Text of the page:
On July 18, 1969, Sen. Edward M. Kennedy arrived on Martha’s Vineyard with his friends and longtime advisors Joseph Gargan and Paul Markham to sail in the 43rd annual Edgartown Yacht Club regatta. His sloop, a Wianno Senior called the Victura, came in ninth.

That was supposed to be the whole story.

Fifty years, and hundreds of anniversary stories later, the sailing regatta is lost to the caprices of history, a memory forgotten from a day the Island — and the world — would remember forever.

“This is no story of a yacht race,” the Vineyard Gazette declared in its July 22 edition four days later. “It couldn’t be. It is, rather, a story of the vagaries of what occurred and a suggestion of what might have been.”

What might have been was a fun-filled weekend on Martha’s Vineyard for the presidential hopeful and the only living Kennedy brother, a weekend replete with Edgartown brunches, old friends and a sailing race that was never supposed to be won. The vagaries of what occurred included a 28-year-old life that was never supposed to be lost, and a little-known summer resort Island that would never be the same because of it.

After the sailing event, Mr. Kennedy attended a dinner party at the modest Sidney Lawrence cottage, tucked into a copse of scrub oak and pitch pine just off the Chappaquiddick Road. In attendance were Mr. Kennedy’s male advisors and six female assistants, known as the “boiler room girls,” who worked together on the campaign of his brother, Robert F. Kennedy. One of those girls, Mary Jo Kopechne, left the party with Mr. Kennedy under the cover of darkness, her purse and hotel room key still at the house. She never returned to get them.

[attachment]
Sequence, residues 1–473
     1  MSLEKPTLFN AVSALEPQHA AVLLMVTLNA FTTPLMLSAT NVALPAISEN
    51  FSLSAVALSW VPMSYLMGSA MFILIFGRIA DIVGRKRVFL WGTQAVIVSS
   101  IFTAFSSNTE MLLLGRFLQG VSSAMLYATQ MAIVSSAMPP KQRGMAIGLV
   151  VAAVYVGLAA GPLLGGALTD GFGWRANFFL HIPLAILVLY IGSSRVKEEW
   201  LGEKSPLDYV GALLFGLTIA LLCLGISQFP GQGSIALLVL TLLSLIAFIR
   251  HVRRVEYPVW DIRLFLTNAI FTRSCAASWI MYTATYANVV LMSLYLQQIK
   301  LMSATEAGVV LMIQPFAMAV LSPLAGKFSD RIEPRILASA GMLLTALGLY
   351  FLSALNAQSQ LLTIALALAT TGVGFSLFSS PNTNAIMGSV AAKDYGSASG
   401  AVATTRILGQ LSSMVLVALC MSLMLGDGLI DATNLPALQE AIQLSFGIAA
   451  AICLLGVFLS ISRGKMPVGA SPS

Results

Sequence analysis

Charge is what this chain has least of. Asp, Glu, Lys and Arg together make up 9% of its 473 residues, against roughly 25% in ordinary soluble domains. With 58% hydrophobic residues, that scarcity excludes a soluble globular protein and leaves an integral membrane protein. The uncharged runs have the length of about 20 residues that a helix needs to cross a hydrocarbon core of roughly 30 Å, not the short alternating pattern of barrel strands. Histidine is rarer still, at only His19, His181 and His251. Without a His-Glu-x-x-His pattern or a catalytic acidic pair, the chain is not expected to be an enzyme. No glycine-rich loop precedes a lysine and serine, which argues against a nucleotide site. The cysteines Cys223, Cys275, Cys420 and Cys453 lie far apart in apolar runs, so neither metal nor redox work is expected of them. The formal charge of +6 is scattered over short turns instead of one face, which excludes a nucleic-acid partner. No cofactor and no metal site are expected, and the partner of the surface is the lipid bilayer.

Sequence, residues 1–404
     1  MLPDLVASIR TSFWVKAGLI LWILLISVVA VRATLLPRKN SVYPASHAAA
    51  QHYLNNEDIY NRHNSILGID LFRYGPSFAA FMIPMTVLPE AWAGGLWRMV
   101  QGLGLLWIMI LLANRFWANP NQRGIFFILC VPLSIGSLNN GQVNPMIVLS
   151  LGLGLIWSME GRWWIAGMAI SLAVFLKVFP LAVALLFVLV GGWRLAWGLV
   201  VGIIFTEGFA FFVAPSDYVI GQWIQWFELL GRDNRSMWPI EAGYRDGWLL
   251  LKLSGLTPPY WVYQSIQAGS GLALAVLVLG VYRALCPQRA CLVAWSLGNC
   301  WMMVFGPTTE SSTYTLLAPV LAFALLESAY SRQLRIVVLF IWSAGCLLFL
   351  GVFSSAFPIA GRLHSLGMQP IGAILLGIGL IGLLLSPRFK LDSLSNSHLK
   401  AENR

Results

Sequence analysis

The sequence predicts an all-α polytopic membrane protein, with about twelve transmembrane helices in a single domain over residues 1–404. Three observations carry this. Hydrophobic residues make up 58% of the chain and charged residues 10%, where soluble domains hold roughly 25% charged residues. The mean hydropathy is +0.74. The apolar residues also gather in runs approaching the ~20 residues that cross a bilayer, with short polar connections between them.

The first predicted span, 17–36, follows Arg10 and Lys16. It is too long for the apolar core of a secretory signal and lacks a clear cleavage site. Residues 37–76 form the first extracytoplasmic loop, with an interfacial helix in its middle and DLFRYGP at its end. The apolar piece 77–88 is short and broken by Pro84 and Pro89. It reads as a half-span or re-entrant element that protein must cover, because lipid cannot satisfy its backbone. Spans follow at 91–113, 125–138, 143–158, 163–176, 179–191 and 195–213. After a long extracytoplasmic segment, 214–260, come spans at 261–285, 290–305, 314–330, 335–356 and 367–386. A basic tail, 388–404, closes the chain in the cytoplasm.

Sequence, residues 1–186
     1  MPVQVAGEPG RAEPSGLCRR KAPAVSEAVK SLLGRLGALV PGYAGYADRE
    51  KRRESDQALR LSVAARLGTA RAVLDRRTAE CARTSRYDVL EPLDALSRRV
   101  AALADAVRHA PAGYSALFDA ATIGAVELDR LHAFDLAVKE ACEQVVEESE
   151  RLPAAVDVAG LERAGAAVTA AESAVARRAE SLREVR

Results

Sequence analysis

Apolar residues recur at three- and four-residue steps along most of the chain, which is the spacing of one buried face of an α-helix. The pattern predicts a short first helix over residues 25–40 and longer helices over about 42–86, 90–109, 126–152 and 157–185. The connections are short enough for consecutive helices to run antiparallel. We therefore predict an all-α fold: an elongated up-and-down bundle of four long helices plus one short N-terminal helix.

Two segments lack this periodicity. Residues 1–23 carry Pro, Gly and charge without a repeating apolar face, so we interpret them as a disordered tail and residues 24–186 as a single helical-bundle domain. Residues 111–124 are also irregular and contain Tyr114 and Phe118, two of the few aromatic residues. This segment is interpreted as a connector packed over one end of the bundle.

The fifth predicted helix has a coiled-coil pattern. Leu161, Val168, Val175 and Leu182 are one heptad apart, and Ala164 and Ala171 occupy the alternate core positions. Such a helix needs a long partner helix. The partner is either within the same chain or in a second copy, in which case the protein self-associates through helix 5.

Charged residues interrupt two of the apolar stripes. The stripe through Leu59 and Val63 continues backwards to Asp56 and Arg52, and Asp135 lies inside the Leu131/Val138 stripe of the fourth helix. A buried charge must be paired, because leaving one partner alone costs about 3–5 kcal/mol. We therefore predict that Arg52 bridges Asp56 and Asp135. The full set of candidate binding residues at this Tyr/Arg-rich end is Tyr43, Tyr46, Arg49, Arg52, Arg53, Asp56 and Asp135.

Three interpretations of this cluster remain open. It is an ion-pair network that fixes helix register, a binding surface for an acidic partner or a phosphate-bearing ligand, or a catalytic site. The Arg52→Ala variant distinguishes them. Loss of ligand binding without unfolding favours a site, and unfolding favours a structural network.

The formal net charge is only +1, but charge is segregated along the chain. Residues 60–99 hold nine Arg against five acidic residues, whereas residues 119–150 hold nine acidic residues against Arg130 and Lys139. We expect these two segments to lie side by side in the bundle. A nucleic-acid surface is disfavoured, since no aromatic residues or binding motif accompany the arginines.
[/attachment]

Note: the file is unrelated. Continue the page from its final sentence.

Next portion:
The next morning, Bob Samuel, age 21, and Joseph Capavella, age 15, were returning from an early morning fishing trip at East Beach when they discovered an overturned black 1968 Oldsmobile submerged at the bottom of Poucha Pond just off the Dike Bridge.

Soon after, Edgartown police Chief Dominick (Jim) Arena arrived on the scene and called in John Farrar, an Edgartown diver, to determine if anyone was still inside the vehicle. Mr. Farrar found the body of a woman dressed in a black slacks and a white blouse. Her name was Mary Jo Kopechne. The apparent cause of death was drowning. The apparent owner of the vehicle was Senator Kennedy.

Humans were about to walk on the moon. That could wait.

“Edgartown had never witnessed such a scene before except in a motion picture,” the Gazette reported. “And the throng of photographers, reporters and bystanders in front of the courthouse Monday morning belonged in the fictional world of the movie or of television.”